The XLM 29 is worth its weight in...titanium.
The XLM 29 is worth its weight in...titanium.

The Six-Month Test: Merlin XLM 29

The iconic titanium brand returns after 30 years with a fully modern hard-tail 29er that's more than just eye candy.


Outside's long reads email newsletter features our strongest writing, most ambitious reporting, and award-winning storytelling about the outdoors. Sign up today.

Merlin, the original titanium bicycle manufacturer, is back.

There are few small American bicycles brands as storied and fraught as Merlin. The company started by building the first-ever full titanium bikes in 1986, and, based on ride character and quality of build, earned a reputation both for the brand and for the metal as a viable material for constructing bikes. Both Greg Lemond and Lance Armstrong rode Merlins during their careers. But the company fell out of favor in the mid-2000s after a series of acquisitions and departures of the original founders. 

Three years ago, online retailer Competitive Cyclist bought the brand and announced plans to revamp it. First came the Extralight, a remake of the brand’s trademark model complete with new geometry and Enve carbon fork and wheels. And last fall, Merlin unveiled a new mountain frame built around 29-inch wheels: the XLM 29.

In some ways, it’s a tough time to get into metal given the popularity of carbon fiber. Then again, heritage brands are also booming: Last year’s GT Edge Ti won over some two dozen of our testers, even though it was stacked against a full roster of carbon roadies. 

And for those of us who both grew up with Merlin and have ridden titanium for years, it’s frankly refreshing to see the brand and the material fortified. 

The Frame

| (Courtesy of Aaron Gulley)

It’s difficult to explain the appeal of titanium to those who haven’t ridden it. I’ve been on a Moots Mooto X Ybb for almost a decade, so it’s safe to say that I'm an admirer. If the tubing is high quality and the construction is done right, titanium is both as stiff as aluminum and just as forgiving as carbon fiber. But the comparisons don’t do the material justice because there’s a certain road feel—compliant and snappy and buttery all at once—that you get only with ti.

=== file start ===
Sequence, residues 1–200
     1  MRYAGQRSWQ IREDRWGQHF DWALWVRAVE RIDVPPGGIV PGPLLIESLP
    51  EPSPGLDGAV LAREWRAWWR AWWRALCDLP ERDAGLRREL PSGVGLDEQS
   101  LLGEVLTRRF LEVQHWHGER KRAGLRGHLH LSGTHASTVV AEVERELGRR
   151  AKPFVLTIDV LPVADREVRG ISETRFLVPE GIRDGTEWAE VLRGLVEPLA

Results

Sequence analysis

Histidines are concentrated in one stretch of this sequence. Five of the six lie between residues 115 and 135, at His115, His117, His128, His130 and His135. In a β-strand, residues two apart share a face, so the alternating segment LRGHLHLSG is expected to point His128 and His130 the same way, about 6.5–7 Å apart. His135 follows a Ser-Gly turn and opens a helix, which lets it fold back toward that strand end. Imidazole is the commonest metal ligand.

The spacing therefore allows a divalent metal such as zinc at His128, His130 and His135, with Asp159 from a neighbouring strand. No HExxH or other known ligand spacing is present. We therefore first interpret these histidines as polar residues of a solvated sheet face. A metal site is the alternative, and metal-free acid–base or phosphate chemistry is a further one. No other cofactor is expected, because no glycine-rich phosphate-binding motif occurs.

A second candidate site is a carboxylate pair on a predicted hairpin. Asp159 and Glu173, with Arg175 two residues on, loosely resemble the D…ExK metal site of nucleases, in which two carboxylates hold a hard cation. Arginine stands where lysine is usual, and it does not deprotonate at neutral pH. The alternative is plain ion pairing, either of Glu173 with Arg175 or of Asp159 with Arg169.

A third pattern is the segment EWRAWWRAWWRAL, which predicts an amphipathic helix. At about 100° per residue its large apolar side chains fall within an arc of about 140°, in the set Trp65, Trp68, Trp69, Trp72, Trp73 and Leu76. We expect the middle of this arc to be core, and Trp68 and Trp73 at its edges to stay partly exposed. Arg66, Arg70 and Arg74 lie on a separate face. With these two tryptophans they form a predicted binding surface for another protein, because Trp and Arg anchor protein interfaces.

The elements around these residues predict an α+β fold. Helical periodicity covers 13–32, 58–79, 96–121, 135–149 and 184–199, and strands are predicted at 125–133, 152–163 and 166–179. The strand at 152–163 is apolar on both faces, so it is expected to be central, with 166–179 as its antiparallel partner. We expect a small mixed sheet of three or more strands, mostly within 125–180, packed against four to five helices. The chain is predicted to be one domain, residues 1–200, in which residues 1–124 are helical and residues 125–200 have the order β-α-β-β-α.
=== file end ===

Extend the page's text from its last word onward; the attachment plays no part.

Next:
The XLM 29 isn’t built from the lightest 6A/4V titanium, and yet our tester tipped the scales at 20.8 pounds (4.4 pounds claimed frame weight). Yes, there are lighter carbon hard tails on the market. But the material gives it a light, yet solid feel relative to most other bikes on the market

Though it’s a throwback, the XLM 29 has been updated with all the frame fixins’ we expect from a modern bike: tapered head tube for steering precision, Pressfit 30 bottom bracket, and 12×142 thru axle. Geometry is also fairly modern, with a 70-degree head tube and relatively short 17.5-inch chain stays, though we’d have preferred a smaller gauge seat post than 31.6mm seat tube, for added compliance.

The frame held up fine over six months of testing, but we do worry about the long-term durability of the cluster of joints at the very short head tube. Having said that, the frames are built by Sedona-based Form Cycles, with over a decade of experience in titanium, so the integrity of the welds, which are gorgeous, is not a question.

On the trail, the XLM 29 has that delicious, smoothed-out, crisp feel of good titanium. When you step on the pedals, accelerations are brutally quick, and the steering is fast and agile as should be expected from a hard tail race bike. Merlin seems to have found a good balance, however, as the XLM is also relatively stable, even at high speed on steep downhills. And the titanium, combined with the big wheels, takes the edge off trail chatter in a way that aluminum and most carbon does not. Though it’s quick and light enough for XC race duty, where this bike would really excel is on endurance outings with lots of big climbs and rough, but not rugged, trails.

The Components 

Though you could get an XLM 29 for under $5,000 built with Shimano XT parts and Easton EA70 parts and wheels, the bike is intended as a premium machine and our tester came equipped as such.